“They can do good and they can do bad – but they’re just Muslims. They are not Islam.”
And with that, the man summed up his talk about the different Islamist movements in Egypt. His talk had been intense – perhaps better described as virulent. Such sentiments distinguishing Islamism from Islam is hardly unique – liberal and non-religious forces within predominantly religious conservative societies in the Muslim world have been making that argument for a while now.
But this man was hardly a secularist. He was a graduate of the Al-Azhar University in Egypt, the pre-eminent Islamic educational institution of the world – and he was delivering his talk as the Friday sermon in one of the most prestigious mosques of Cairo. In short, he was a counter-Islamist religious authority.
It was fascinating to listen to the talk for many reasons. For one, the preacher was very clear in his essentially political diatribe – something that could not have been thought of a little over a year ago in Cairo. But more than that – the preacher was evidently representative of a large swathe of the religious establishment in Egypt. That establishment that regards religious interpretation as being the domain of academic specialists, or ‘the learned’ (‘ulama), rather than put into the hands of political activists who would corrupt God’s religion for petty political gain.
“Who are these people that claim to speak on behalf of Islam? They are taxi-drivers and bus drivers – having a long beard is not a substitute for the learning that the learned specialist of religion is obligated to have.”
In post January 25 Egypt, pretty much the entire non-Islamist political establishment is keen for the Azhar University and its scholars to take control of Islamic interpretations. Its not hard to see why – in the absence of a specialist institution, the loudest and most populist voices drown out other voices. In today’s Egypt, those voices belong to the Muslim Brotherhood and the Salafis – groups that the non-Islamist political establishment seeks to keep in check.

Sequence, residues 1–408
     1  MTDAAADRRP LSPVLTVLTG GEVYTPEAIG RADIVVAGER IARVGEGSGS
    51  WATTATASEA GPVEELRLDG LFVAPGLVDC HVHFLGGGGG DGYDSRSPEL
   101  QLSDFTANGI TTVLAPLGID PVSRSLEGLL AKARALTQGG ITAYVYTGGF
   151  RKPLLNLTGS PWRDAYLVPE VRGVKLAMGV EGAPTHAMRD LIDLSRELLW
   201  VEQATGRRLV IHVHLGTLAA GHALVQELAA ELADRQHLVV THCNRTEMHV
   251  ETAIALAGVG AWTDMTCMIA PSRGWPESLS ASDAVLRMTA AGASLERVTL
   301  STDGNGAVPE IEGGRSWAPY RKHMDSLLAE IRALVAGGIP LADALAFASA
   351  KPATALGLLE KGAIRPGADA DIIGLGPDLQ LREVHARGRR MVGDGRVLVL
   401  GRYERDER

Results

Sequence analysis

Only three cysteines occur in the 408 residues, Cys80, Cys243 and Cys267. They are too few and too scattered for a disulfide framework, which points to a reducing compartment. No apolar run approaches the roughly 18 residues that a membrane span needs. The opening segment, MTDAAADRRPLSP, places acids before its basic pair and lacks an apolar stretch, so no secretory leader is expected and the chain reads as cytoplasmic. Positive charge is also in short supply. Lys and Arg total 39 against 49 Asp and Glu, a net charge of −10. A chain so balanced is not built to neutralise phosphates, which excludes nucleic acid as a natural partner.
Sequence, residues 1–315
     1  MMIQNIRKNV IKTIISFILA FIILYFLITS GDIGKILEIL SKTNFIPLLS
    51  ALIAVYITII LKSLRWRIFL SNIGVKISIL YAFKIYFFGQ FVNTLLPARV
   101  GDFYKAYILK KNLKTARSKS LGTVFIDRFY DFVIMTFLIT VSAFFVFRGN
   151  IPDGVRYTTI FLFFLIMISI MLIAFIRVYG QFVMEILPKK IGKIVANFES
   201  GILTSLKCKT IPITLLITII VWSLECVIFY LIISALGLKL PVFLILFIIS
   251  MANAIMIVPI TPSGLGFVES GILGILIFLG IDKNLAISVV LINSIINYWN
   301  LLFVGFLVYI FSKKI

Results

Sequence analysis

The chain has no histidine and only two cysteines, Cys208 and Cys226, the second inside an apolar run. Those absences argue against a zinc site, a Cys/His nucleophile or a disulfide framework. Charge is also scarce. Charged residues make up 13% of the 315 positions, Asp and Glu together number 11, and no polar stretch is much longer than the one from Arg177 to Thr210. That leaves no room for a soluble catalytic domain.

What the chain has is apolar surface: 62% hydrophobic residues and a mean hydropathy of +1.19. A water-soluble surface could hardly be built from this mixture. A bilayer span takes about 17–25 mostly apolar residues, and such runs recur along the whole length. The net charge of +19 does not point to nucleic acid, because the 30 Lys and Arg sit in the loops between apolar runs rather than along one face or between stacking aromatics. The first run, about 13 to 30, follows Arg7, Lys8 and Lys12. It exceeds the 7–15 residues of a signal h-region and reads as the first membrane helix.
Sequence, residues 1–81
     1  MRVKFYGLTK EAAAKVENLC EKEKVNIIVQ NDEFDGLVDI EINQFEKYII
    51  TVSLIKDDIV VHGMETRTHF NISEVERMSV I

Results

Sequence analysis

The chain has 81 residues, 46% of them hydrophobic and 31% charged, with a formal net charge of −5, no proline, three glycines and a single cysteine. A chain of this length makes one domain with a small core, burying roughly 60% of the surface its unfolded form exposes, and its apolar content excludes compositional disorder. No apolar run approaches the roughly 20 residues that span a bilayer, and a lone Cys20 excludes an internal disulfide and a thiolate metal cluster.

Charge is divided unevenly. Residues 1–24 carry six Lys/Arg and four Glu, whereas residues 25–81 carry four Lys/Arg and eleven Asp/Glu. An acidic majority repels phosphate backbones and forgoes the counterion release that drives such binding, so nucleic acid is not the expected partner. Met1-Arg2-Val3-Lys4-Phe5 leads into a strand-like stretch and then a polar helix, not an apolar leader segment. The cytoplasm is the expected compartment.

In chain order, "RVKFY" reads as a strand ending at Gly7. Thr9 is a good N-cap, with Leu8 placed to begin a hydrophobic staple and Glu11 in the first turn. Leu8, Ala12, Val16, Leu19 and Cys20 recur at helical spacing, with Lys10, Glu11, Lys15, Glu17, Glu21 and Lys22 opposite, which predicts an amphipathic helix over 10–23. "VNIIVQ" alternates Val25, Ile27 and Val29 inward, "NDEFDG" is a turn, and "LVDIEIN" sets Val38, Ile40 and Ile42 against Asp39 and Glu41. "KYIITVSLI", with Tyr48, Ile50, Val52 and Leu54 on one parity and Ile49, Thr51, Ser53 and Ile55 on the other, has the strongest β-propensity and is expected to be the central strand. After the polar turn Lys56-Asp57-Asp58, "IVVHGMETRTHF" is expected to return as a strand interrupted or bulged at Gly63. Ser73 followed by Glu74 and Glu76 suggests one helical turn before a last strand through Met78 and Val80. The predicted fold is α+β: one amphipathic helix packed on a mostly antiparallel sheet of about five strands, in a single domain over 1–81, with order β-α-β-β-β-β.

Much of this tension flared up in recent weeks. Islamists of both the Muslim Brotherhood and the Salafis decided to dominate the constitutional assembly that is responsible for drafting Egypt’s new constitution. The Azhar University was bitterly disappointed that the constitutional document it had so painstakingly worked to build consensus around, including Islamists of different stripes and non-Islamists and others from civil society, was not the structure that the constitutional assembly had chosen to use. But it was particularly affronted by the fact that the assembly had decided to reserve one seat for the Azhar University, and one seat for the Coptic Church – as though the two institutions were equal –and equally insignificant.
“I’ve reached a stage in my life that I’m cautious of anyone who claims religion gives them a monopoly on power. The Muslim Brotherhood will soon learn that what they covet, may bring them down.”
The author of the above quote belongs to a Western civil society movement outside of Egypt with its intellectual roots in the Muslim Brotherhood, but many share his sentiment. Others within the broader Islamist movement have become severely disillusioned with the current leadership of the MB in particular – a leadership which has broken several political pledges over the past year with rather poor explanations. Not least of which was the running of a presidential candidate, against numerous promises to the contrary. For Kamal el-Helbawy, the former MB spokesman in Europe, that was the final straw. A committed Islamist, he refused to stay in the MB after that, saying, “I cannot stand in the ranks of people who turned their back on the revolution.”
It is early to tell where all this will lead – but it is significant to watch.
In that Friday sermon mentioned above, the Azhar graduate asked his congregation to pray for the rectification of their inward states. The subtext was clear: The Islamists might call for an ‘Islamic state,’ but the sheik sought for his congregants to reform their inner states to become Islamic. As the leadership of MB in particular, but of the newly political Salafi groups as well, seek to increasingly manifest their Islamism on the level of public policy, they will find opposition from an expected quarter: deeply religious, but non-Islamist, Muslims.